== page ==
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Tokyo Paralympics to open with safety questions amid COVID surge

  • August 24, 2021
  • , Kyodo News , 7:19 a.m.
  • English Press

TOKYO – The Tokyo Paralympics will begin Tuesday night following a one-year postponement due to the coronavirus pandemic, with unanswered questions over the safety of participants and the Japanese public during the world’s largest event for athletes with disabilities.


Tokyo will become the first city to host the Paralympics twice, having staged the 1964 edition. But this time, the games will be held under conditions that nobody had imagined before the virus took hold, with safety measures preventing fans from attending, as was the case during the Olympics.


About 4,400 athletes from about 160 countries will take center stage through Sept. 5 at venues without spectators in Tokyo and three nearby prefectures, all now reeling from record numbers of daily COVID-19 cases and under a state of emergency.


While the 17-day Tokyo Olympics ended without a major outbreak of infections among athletes and officials, some Paralympians may have a higher risk of suffering more serious symptoms due to their underlying health conditions.


Tokyo’s daily infection figures have been repeatedly over 5,000, which are roughly three times higher than those reported before the start of the Olympics on July 23.


Tokyo Gov. Yuriko Koike said last week the situation is a “disaster-level” emergency.


Japan’s medical system is under immense pressure, while the number of people recuperating at home has been rising at a fast pace amid a shortage of hospital beds.


Due to the impact of the pandemic, athletes from Samoa, Kiribati, Tonga and Vanuatu, were unable to travel to Japan, making the total participating nations and regions less than the record of 164 at the 2012 London Games.

Under the COVID-19 “playbook” that must be followed by athletes, they are required to be tested on a daily basis, in principle, and they must wear face masks and maintain social distancing including when they are in the athletes’ village.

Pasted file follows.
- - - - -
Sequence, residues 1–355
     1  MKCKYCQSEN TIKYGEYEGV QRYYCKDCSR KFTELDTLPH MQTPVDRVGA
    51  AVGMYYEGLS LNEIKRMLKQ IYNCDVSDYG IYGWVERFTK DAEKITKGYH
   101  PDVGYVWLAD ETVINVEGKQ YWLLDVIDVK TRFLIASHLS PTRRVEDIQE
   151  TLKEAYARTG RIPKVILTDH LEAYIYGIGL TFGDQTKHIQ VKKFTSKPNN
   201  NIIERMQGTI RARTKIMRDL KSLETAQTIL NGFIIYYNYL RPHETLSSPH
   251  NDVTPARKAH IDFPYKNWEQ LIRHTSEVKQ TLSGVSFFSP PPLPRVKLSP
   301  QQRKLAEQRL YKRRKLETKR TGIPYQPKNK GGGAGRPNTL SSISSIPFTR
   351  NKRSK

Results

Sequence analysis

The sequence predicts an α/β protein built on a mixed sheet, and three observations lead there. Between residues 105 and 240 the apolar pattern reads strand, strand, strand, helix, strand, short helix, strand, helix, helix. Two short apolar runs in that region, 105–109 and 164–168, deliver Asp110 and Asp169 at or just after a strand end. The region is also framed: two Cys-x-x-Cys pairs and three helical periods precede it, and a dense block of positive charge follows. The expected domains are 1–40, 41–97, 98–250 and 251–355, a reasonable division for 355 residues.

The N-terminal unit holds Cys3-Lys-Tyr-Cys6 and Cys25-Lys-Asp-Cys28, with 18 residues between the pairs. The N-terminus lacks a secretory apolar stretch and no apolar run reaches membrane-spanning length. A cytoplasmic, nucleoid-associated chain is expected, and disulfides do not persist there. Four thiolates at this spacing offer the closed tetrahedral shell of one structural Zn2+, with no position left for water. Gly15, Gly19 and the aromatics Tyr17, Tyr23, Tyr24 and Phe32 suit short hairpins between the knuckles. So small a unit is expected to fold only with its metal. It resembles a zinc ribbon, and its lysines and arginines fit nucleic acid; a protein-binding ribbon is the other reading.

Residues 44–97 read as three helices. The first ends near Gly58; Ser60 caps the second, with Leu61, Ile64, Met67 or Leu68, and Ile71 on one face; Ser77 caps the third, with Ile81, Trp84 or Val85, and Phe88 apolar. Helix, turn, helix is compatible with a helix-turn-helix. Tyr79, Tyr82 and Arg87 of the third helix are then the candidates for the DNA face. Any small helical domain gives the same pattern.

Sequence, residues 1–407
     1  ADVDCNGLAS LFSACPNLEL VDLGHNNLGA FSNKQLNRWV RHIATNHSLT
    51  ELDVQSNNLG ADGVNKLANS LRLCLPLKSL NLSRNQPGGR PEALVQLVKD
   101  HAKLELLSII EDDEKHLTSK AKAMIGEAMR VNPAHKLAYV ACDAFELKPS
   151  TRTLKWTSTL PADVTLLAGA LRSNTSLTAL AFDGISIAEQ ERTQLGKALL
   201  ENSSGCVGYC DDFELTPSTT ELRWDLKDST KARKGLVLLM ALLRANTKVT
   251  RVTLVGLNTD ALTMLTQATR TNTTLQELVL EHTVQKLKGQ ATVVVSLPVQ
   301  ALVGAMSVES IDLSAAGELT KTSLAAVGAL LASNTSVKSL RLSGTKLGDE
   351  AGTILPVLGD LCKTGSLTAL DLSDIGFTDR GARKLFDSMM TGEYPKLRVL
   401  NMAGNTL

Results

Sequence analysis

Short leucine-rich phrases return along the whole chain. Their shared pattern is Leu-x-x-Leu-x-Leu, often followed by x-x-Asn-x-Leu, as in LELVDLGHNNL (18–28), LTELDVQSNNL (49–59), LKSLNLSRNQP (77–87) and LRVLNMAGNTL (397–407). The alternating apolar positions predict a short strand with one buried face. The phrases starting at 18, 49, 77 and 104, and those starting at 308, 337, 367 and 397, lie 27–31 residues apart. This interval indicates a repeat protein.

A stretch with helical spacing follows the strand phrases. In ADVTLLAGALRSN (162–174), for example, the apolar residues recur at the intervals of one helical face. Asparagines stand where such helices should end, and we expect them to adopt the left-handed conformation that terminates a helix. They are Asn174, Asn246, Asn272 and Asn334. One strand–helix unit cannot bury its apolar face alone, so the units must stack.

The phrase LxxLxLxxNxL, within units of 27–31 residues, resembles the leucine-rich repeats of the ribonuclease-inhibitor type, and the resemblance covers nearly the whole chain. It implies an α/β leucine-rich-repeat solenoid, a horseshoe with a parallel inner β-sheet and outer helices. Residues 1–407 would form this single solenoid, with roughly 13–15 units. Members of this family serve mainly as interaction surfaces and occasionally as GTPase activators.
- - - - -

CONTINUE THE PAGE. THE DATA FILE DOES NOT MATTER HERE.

The Tokyo Games organizing committee said it will strengthen its anti-virus measures to address the current situation.


As he did for the Olympics, Japanese Emperor Naruhito is expected to declare the opening at the National Stadium, with the 68,000-capacity main venue expected to have a sea of empty seats because only VIPs will be allowed to attend as a precaution against the spread of the virus.


The number of performers was largely reduced and the content of the ceremony was reviewed. Still, the opening event, to be held under the concept of “We have wings,” will see athletes parading into the stadium first by members of the refugee team.


The Paralympic flame, created by unifying flames lit across Japan and in Britain’s Stoke Mandeville, the birthplace of the games, will light the cauldron.


The Paralympics will consist of 539 medal events over 22 sports. Taekwondo and badminton have been added to the program for the first time, while other competitions include swimming, athletics, boccia and wheelchair tennis.


Organizers have hoped that the Tokyo Paralympics will contribute to building a more inclusive society that embraces people’s differences.


International Paralympic Committee chief Andrew Parsons has stressed that the games are the “most important” in their history, believing they will help the voices of people with disabilities to be heard as they have largely been “left behind” during the pandemic.


But the Paralympics have become mostly a TV-only event, after the Japanese organizers and the IPC decided earlier this month to stage them behind closed doors at all venues, except for students involved in a government-supported educational initiative.


Up to about 172,000 students, mainly from schools in Tokyo, plan to watch competitions at venues.

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